I haven't used the vindicator yet but it sounds like the rep is going to be coming in to give us his sales pitch in the near future. How can a nozzle with such high flow at so little nozzle pressure possibly have good reach. It seems like magic based on what some of you have said so far....

  13. #13
    MembersZone Subscriber

    Join Date
    Sep 2006
    Location
    Northeast Coast
    Posts
    3,862

    Default

    Quote Originally Posted by Golzy12 View Post
    I haven't used the vindicator yet but it sounds like the rep is going to be coming in to give us his sales pitch in the near future. How can a nozzle with such high flow at so little nozzle pressure possibly have good reach. It seems like magic based on what some of you have said so far....
    Our tests included a non-scientific observation of reach. We found nearly every time the nozzles were pretty close at the same flows. Of course how much reach do we really need on the 1.75"? It's rare that this is the choice when reach is most important. Interior firefights rarely challenge the reach of any properly functioning nozzle, short those in large non-compartmentalized spaces.

    As for why high flow little break-up works on the Vindicator? Maybe because it's not trying to be a perfect laminar stream like the smoothbore, subject to any turbulence and it doesn't break the stream into tiny droplets that are as easily effected as the pattern widens?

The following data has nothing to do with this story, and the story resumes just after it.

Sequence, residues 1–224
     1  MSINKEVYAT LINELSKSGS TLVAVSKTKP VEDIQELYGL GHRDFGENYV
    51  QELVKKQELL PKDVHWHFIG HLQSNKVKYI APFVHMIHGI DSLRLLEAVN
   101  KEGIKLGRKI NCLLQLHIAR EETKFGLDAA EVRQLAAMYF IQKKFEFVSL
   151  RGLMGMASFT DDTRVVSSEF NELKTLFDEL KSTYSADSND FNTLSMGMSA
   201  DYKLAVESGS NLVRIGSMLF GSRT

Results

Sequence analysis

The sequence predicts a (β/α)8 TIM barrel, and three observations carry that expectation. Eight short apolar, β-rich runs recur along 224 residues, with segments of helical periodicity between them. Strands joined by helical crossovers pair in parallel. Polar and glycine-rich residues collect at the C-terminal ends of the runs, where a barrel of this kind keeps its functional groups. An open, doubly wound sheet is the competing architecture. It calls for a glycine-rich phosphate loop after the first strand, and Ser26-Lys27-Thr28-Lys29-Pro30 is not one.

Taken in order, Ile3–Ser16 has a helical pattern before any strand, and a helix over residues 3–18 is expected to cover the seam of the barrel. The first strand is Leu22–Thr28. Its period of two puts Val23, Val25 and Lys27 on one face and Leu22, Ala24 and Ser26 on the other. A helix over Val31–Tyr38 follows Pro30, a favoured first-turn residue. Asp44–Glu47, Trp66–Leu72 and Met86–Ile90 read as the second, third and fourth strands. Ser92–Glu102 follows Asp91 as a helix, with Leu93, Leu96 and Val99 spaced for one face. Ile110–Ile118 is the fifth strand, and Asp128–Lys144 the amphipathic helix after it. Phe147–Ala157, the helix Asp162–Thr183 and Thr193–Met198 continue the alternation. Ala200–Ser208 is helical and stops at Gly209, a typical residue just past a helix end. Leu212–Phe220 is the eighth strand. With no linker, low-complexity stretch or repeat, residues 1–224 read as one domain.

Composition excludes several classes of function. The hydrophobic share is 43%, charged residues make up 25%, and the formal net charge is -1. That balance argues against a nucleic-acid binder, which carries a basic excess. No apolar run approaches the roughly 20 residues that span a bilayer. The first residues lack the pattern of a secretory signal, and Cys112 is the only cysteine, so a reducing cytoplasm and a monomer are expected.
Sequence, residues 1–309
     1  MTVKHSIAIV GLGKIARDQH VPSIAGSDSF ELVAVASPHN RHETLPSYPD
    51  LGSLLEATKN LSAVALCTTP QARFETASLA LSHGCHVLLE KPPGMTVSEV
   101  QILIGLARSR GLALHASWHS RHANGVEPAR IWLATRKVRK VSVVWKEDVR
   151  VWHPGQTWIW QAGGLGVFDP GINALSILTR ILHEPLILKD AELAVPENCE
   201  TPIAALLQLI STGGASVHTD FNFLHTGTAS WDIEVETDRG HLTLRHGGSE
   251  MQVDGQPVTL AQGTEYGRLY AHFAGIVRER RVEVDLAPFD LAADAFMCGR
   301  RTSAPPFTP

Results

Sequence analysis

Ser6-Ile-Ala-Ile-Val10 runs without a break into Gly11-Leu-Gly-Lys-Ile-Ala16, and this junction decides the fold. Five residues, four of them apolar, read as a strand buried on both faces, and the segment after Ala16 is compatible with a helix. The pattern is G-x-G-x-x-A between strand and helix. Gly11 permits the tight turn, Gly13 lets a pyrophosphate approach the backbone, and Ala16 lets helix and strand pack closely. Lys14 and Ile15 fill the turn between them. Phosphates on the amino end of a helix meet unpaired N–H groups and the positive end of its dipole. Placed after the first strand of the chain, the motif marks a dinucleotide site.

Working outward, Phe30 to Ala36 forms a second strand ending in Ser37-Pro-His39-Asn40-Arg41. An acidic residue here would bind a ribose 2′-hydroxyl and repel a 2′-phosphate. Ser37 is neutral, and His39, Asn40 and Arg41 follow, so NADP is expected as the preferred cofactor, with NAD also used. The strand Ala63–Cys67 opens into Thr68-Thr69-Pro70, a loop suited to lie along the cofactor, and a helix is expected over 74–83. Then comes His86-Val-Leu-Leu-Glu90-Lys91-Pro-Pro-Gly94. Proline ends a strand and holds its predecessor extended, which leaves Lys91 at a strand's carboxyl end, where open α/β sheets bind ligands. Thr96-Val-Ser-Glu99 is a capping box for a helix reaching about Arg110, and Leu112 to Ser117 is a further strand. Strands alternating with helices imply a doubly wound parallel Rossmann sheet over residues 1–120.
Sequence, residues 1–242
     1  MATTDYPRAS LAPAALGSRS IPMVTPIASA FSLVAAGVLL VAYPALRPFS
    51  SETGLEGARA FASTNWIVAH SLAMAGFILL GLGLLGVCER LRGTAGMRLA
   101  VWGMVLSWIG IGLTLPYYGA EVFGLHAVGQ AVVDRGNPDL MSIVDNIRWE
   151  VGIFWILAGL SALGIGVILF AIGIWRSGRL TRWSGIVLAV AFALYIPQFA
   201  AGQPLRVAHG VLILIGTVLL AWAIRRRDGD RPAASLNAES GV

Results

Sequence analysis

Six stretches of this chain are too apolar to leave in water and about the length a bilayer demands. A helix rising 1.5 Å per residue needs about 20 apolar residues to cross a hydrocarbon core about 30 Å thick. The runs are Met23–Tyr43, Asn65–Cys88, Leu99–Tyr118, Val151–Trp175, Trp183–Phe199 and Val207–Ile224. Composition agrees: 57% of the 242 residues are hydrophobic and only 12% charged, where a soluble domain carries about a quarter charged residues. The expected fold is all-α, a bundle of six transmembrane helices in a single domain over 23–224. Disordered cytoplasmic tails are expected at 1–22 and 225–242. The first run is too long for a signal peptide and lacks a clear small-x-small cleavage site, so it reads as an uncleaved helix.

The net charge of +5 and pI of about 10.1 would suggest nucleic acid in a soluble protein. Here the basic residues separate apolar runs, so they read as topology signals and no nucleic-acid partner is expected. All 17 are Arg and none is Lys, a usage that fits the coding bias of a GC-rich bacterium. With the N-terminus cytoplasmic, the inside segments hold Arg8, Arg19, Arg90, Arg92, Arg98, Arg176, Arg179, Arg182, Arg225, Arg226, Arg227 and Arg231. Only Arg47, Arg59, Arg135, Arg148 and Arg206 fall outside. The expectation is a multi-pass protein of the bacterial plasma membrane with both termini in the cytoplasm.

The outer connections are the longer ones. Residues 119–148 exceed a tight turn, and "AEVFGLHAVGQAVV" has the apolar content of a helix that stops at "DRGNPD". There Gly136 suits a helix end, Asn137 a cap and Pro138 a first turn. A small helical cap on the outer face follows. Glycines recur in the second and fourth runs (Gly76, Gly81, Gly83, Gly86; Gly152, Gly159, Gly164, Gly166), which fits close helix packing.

Last edited by RFDACM02; 10-04-2013 at 04:57 PM. Reason: keyboard caused misspelled words

  14. #14
    Forum Member
    FyredUp's Avatar
    Join Date
    Jul 1999
    Location
    Rural Wisconsin, Retired from the burbs of Milwaukee
    Posts
    10,058

    Default

    Quote Originally Posted by RFDACM02 View Post
    A couple of you have mentioned not using the VHA due to it's higher flow? Isn't that the same argument we've used to up the gpm using 1.75" over 1.5" for years, saying the only bad thing about dragging a higher flow line is the relative ease? Surely we agree that more water means the fire goes out quicker? I hope our firefighters are better than years passed so we're not worrying about wasted water.

    If the engine crew can deploy a 225 gpm+ line with the same ease as a smoothbore or fog tipped 1.75" line with a 180 gpm flow, what would be the downside?